Two metro stations away, Soviet planners in the 1970s conducted a large-scale experiment. They decided to build a city within a city on the northern edge of Chertanovo. The living complex was envisioned as a way to demonstrate urban coexistence based on communist ideals.
The complex was constructed on a plateau overlooking a man-made lake. Sidewalks skirted lawns situated between Brutalist high-rises. Cars were not allowed between the buildings; instead, underground parking garages with direct access to apartments were built. The microcosm that the complex represented was designed to combine everything residents might need: Apartments, a cinema, municipal offices, a school, restaurants, a swimming pool and a library were all located here. Thus, residents of the futurist complex could easily take care of their everyday needs without ever leaving the area.
But the futurist dream has long since ended. With hardly any work here, residents must now take the subway to other parts of the city to earn their money. Now, new buildings are going up and Chertanovo is being increasingly swallowed up by an ever-expanding Moscow.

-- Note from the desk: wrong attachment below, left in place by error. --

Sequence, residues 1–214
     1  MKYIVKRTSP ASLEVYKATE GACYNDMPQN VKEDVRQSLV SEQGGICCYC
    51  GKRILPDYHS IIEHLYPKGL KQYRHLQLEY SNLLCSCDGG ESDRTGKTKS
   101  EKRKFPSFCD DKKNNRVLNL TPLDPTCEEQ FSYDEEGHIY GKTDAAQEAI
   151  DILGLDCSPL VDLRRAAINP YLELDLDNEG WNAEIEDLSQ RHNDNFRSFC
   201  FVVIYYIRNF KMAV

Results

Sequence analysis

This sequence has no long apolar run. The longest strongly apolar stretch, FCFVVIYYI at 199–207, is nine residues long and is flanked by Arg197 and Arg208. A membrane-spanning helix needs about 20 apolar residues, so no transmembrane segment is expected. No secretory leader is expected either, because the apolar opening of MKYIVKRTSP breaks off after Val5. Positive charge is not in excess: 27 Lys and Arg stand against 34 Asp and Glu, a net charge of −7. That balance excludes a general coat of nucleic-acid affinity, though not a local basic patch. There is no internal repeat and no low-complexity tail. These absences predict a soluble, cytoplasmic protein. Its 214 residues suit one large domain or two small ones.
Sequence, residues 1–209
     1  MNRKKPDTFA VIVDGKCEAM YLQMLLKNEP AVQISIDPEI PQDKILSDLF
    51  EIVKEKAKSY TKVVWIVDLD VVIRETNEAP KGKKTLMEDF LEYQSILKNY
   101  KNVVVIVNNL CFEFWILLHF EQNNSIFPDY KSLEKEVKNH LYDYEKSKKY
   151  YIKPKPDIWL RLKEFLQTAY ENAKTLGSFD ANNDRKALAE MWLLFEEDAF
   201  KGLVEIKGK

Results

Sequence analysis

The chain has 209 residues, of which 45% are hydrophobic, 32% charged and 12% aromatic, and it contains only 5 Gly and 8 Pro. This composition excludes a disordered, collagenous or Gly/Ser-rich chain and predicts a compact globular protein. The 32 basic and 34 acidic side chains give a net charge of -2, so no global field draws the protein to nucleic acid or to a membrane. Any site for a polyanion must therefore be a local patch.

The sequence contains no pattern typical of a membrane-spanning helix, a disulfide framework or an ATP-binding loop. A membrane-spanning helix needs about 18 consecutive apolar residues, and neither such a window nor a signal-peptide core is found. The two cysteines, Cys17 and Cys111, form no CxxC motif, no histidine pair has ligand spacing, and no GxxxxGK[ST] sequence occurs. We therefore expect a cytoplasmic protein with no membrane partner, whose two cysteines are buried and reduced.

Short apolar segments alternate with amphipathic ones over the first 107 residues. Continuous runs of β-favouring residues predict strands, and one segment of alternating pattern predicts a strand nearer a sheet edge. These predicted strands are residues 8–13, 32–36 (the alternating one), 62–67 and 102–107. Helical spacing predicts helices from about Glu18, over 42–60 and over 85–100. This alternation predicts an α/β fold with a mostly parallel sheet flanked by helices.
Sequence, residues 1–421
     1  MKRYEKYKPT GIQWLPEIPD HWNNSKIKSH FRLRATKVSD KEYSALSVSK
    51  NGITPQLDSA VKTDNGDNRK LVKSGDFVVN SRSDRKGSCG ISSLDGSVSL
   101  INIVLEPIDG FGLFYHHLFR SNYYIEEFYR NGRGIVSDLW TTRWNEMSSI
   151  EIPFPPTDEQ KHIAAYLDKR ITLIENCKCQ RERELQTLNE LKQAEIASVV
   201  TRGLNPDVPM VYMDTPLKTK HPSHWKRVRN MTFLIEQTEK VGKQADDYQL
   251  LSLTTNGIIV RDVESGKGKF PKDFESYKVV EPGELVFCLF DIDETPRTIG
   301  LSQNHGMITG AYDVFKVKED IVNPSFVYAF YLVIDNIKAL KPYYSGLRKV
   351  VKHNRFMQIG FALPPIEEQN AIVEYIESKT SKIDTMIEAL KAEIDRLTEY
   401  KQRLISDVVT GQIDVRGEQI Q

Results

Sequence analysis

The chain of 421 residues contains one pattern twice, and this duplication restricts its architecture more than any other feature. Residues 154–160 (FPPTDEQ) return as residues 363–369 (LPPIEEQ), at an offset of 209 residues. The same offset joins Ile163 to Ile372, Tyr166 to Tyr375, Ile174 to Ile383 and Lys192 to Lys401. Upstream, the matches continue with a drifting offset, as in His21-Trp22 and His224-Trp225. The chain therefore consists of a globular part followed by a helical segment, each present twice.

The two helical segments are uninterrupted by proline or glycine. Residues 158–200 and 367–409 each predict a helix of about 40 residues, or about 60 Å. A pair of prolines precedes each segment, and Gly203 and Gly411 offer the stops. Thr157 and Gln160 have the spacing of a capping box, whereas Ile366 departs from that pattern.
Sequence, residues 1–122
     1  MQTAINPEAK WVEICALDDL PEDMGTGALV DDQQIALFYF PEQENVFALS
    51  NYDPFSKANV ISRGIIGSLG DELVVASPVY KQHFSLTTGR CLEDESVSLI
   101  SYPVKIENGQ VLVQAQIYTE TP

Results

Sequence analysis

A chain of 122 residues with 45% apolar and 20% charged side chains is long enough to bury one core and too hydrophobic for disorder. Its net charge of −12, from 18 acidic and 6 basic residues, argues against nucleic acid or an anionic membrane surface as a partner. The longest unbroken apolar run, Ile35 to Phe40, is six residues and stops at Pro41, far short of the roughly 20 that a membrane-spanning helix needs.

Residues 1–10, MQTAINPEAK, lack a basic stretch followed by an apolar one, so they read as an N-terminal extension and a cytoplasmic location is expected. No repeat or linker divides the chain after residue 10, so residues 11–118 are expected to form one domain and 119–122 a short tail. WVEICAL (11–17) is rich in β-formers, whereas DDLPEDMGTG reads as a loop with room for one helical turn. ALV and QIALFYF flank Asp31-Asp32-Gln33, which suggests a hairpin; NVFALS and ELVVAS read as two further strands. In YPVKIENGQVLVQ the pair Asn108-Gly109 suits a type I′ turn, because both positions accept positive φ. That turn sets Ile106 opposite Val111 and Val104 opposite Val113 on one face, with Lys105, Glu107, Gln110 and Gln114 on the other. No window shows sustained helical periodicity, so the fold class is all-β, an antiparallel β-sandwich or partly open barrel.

'My customer refused to pay me'
A group of young men are repairing the facade of one of the buildings in the complex. They are so-called "Gastarbyteri," or guest workers, a term borrowed from German. Nawruz is from Uzbekistan: "We're all from Central Asia — Kyrgyzstan, Azerbaijan, Tajikistan. We met here at work. We all came to Russia looking for a better life."
Most migrant workers in Russia come from former Soviet states. They find work in construction, as taxi drivers, or in the service industry. They come here because the pay in Russia is better than in their home countries, where well-paid work is hard to find.
"But working conditions here are still pretty bad," says Nawruz. "A work permit costs a lot of money. We are constantly checked by police who want to see our papers. Often they threaten to have us deported."
A 2015 migrant rights reform bill was supposed to improve life for migrant workers in Russia. One of the measures in the bill was designed to lift workers out of the legal shadows by having them pay for work permits. But the complicated application process and the high price of the permit have raised doubts about the effectiveness of the legislation.